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From Roe vs. Wade to abortion pill, issues remain the same
(CNN) -- Before the U.S. Food and Drug Administration decided to approve the nonsurgical abortion drug mifepristone -- called the abortion pill -- for marketing in the United States on Thursday, both supporters and opponents said the debate may be changing, but the stakes are the same.
"The reality is that we're still dealing with the death of a baby," says Olivia Gans of the National Right to Life Committee (NRLC), an anti-abortion public policy group with headquarters in Washington. "The how, when or where of how that child dies doesn't really alter the nature of the debate. A baby is still dying."
But Gloria Feldt, president of Planned Parenthood, an international family planning organization, says past victories for anti-abortion groups "have come from intimidation." Before the decision, Feldt said the makers of the drug mifepristone, known as RU-486 in Europe, getting federal permission to market the drug in the United States would mean "it will be much more difficult to intimidate a greater number of providers spread across a larger geography."
But that's precisely what Randall Terry, the founder of the anti-abortion group Operation Rescue, aims to do: single out any doctor who prescribes the pills.
"We will expose him to the community so he'll no longer be known as a mom-and-pop doctor," Terry said. "He is going be known as a baby killer."
Many disagree with court
The U.S. Supreme Court legalized abortion in 1973, ruling that the constitutional right to privacy "is broad enough to encompass a woman's decision whether or not to terminate her pregnancy."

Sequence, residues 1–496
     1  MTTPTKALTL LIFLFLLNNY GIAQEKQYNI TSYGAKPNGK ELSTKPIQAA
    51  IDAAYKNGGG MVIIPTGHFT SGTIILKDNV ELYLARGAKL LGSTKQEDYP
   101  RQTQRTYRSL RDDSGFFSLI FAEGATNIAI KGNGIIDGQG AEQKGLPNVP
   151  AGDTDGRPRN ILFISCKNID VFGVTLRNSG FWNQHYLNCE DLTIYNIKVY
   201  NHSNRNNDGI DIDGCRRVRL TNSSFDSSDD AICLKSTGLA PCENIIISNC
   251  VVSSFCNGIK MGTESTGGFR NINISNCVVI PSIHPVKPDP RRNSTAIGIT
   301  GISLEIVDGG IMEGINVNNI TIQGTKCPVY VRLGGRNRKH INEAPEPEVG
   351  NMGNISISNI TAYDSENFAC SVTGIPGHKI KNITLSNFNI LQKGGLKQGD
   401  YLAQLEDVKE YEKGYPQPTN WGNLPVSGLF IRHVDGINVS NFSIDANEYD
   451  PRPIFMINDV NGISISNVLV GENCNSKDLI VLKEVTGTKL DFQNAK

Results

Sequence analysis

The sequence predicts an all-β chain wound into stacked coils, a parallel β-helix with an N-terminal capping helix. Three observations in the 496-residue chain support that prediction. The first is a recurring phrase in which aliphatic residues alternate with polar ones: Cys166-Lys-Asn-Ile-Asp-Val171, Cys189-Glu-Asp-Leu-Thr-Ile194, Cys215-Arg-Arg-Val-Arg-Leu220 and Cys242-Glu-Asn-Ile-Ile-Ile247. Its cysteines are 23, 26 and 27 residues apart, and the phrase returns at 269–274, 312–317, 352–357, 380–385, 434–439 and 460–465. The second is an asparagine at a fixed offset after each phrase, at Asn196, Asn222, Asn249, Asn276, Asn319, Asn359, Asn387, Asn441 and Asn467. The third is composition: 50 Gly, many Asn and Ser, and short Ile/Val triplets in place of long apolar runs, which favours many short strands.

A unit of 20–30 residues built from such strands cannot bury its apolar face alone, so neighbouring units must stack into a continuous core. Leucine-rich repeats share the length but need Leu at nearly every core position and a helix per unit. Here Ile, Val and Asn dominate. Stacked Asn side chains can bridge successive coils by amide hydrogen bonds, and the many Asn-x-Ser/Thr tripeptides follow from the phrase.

But many people disagree with the court, and they have constantly protested against what they call "the abortion industry," urging state and federal legislation to limit the availability of abortions.
Stopping women as they attempted to enter abortion clinics was one of many tactics activists have taken over the years, and protests outside businesses where abortions were available created what Planned Parenthood decried as a "gantlet of harassment."
But it was violence against clinics and abortion providers -- seven killed in shootings or bombings in the 1990s -- that led many doctors to stop offering abortions.
In June 2000, the Supreme Court ruled that laws intended to protect patients and staff from aggressive harassment outside abortion clinics were constitutional.
An observer who has documented the conflict over abortion believes the ability to market and prescribe the so-called abortion pill in the United States is a tremendous blow to anti-abortion groups.
"It's a real question for the right-to-life movement, as to whether this is going to take abortion out of clinic and put it out into the generalized medical community," said Cynthia Gorney, author of "Articles of Faith; A Frontline History of the Abortion Wars," a 1999 narrative history of the modern American abortion conflict.
'The debate doesn't change'
Marketing of the drug means women will be able to terminate a pregnancy in the privacy of their own homes with a drug prescribed by their doctor, and at an earlier stage than surgical abortions.
"A greater number of physicians will provide mifepristone than currently provide women to surgical abortion procedures," said Feldt of Planned Parenthood.
Mifepristone is the medical name of the drug under debate-- and is taken with misoprostol, which is approved in the United States for treatment of ulcers.
But for the NRLC, the battleground may be just shifting. "Perseverance means realizing this battle may not be over tomorrow, and we may face new challenges," said Gans. "But the debate doesn't change, and the gravity doesn't change, and the urgency remains."
CNN Correspondent Gary Tuchman and CNN.com Writer Jonathan D. Austin contributed to this story.
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